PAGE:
November 20, 2009
In order to support the free-standing upper cabinets of the cottage kitchen, between the kitchen and the great room, we decided to use part of a cherry tree that had to be cut as the site was graded. The second photo below – “Iwo Treema” – shows Liz, Di and Bruce testing the fit of the tree before the drywall was in. Once we got it up through the trusses, we marked the ends and cut them at ceiling level, leaving them a bit long so we can trim them to fit later.
January 26, 2010
The painters sprayed two coats of Sher-Wood Kem Aqua water-base lacquer onto the cabinets for the cottage kitchen and bath, along with the first batch of interior trim. The first photo below shows the workshop full of cabinets and trim, and the second photo shows all the cabinet drawers for the cottage kitchen and bath. We chose a very simple design for the drawer fronts, with just a radius around the edges.
February 1, 2010
Dan started installing the cabinets in the cottage kitchen and bath.
The first photo below shows the cabinets on the north wall of the cottage kitchen where the cook top will go, and the second photo shows the cabinets in the bath where the sink will go. The “countertops” are just cheap white melamine shelving, which will serve until we can get our concrete countertops made.
February 3, 2010
Now that we’re almost ready to mount the tree that will hold up the free-standing kitchen cabinets, Bruce started peeling it using a drawknife. The tree is still relatively “green” (wet), and we expect it to dry out and crack a bit after it’s been inside for a while. Therefore we won’t seal the surface right away, in order to let the moisture level stabilize first.
February 6, 2010
Dan cut the openings for the cottage kitchen sink and cooktop.
The sink and cooktop are mounted in the countertops but not hooked up yet.
February 10, 2010
The plumbers connected the drains and faucet on the kitchen sink. The plumbing will be completely enclosed, but with knee space below the sink.
February 12, 2010
Dan mounted the upper cabinets above the cooktop and then installed the exhaust hood.
February 19, 2010
Jay’s brother Dave tested the kitchen sink for wheelchair accessibility. Soon all the plumbing will be enclosed.
February 22, 2010
Dan mounted the panel that encloses the bottom of the sink and the plumbing below, so it looks a lot more finished now.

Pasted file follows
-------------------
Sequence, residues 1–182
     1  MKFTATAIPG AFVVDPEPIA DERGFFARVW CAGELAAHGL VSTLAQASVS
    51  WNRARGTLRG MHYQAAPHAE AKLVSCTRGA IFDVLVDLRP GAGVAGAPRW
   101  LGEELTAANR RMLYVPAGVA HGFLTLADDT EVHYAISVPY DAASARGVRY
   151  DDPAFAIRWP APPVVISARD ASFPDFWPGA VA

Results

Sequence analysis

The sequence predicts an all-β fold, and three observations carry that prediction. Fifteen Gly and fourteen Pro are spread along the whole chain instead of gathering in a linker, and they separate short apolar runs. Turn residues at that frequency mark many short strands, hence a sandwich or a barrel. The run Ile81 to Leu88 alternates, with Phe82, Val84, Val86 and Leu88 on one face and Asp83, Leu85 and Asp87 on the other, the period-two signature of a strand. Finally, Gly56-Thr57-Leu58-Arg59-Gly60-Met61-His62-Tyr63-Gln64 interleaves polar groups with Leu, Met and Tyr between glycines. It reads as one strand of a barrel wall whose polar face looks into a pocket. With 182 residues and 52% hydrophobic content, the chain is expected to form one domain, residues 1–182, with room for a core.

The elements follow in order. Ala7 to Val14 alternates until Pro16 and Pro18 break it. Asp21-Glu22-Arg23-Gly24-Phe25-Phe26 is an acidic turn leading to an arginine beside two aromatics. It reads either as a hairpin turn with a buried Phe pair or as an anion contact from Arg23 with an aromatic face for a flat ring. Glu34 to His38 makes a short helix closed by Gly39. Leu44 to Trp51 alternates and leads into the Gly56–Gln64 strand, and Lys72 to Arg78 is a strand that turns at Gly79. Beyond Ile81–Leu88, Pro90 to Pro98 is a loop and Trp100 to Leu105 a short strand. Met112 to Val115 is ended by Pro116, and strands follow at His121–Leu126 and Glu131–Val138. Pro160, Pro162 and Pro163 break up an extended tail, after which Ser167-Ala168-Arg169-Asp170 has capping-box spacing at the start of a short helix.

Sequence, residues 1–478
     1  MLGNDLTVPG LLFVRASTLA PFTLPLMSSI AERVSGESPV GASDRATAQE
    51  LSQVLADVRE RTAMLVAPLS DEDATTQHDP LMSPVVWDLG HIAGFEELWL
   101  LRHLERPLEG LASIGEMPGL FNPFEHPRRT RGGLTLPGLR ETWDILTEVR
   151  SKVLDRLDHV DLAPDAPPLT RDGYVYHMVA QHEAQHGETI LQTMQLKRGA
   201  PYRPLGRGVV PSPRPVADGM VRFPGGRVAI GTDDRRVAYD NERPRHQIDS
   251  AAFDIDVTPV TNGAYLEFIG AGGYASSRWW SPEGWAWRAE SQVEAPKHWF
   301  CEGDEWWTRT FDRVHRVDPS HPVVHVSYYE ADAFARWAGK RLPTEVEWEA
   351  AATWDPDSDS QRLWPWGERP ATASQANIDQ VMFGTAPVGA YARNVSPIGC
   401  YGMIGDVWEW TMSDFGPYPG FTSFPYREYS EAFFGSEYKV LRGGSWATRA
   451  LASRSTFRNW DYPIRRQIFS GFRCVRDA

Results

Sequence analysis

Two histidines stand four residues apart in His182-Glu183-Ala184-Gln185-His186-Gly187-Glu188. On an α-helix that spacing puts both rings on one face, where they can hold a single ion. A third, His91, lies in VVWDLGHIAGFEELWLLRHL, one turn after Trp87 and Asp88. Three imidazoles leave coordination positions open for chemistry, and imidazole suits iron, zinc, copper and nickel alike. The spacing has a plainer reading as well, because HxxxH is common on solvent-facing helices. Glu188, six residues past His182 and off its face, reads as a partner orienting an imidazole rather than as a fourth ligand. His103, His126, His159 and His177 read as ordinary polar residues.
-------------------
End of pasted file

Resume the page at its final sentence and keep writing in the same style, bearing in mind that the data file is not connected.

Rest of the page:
March 17, 2010
Bruce sanded the cherry tree out in the driveway, and then sprayed it with the same water-based lacquer that we used on all of the cabinets and trim.
March 18, 2010
With the tree lacquered, we brought it into the cottage. We laid it up on chairs and aligned it with the room, then marked out on the floor where the ceiling would intersect the tree. Then we trimmed the branch ends so they will protrude just a little above the ceiling level. We also carefully measured the distance from the peak of the ceiling to each branch, so we could locate where we need to drill holes in the ceiling. We measured up from the floor to each branch tip, to find the horizontal offset from the back of the counter to each hole.
With the holes carefully marked out, Bruce drilled through the drywall. The fit was perfect, except that every hole location was off horizontally by exactly the height of a chair. Duh! So now we had to drill a new set of holes offset 16″ from the first set. That’s going to take a lot of drywall patching.
Jay, Nash and Bruce raised the tree into place, and it fit just right into the second set of holes we drilled. Bruce made a template of the cabinets that will mount to the tree so that we could check the fit. The right hand side of the cabinets will anchor to the refrigerator enclosure, and the left side will be supported by the tree. The cabinets will have glass doors and glass backs so they will let light through into the kitchen.
At the base of the tree, we drilled two small holes into the concrete, and pounded a couple of matching spikes into the wood. These will prevent the bottom of the tree from moving sideways.
Here are two views of the tree in place, first looking south toward the living room and then looking north toward the kitchen. Fortunately the heavy branch on the right happened to align with a roof truss, so we anchored it to the truss with two heavy screws. The other smaller branches will be stabilized when we pack spackling around them to seal all the holes in the drywall.
April 26, 2010
With the floating cabinet finally finished, it was time to mount it to the tree in the cottage kitchen. When we installed the tree we managed to get the main limb very close to vertical, so it required only a small spacer at the top to match the vertical cabinet back. We secured the finished cabinet to the tree with two large screws and anchored it to the refrigerator cabinet on the other side.
Here are two views of the floating cabinet from the kitchen side. The backs have built-in panels of 1/4-inch thick glass, and the fronts have doors (not installed yet) with similar glass panels. Each cabinet will also have an adjustable glass shelf.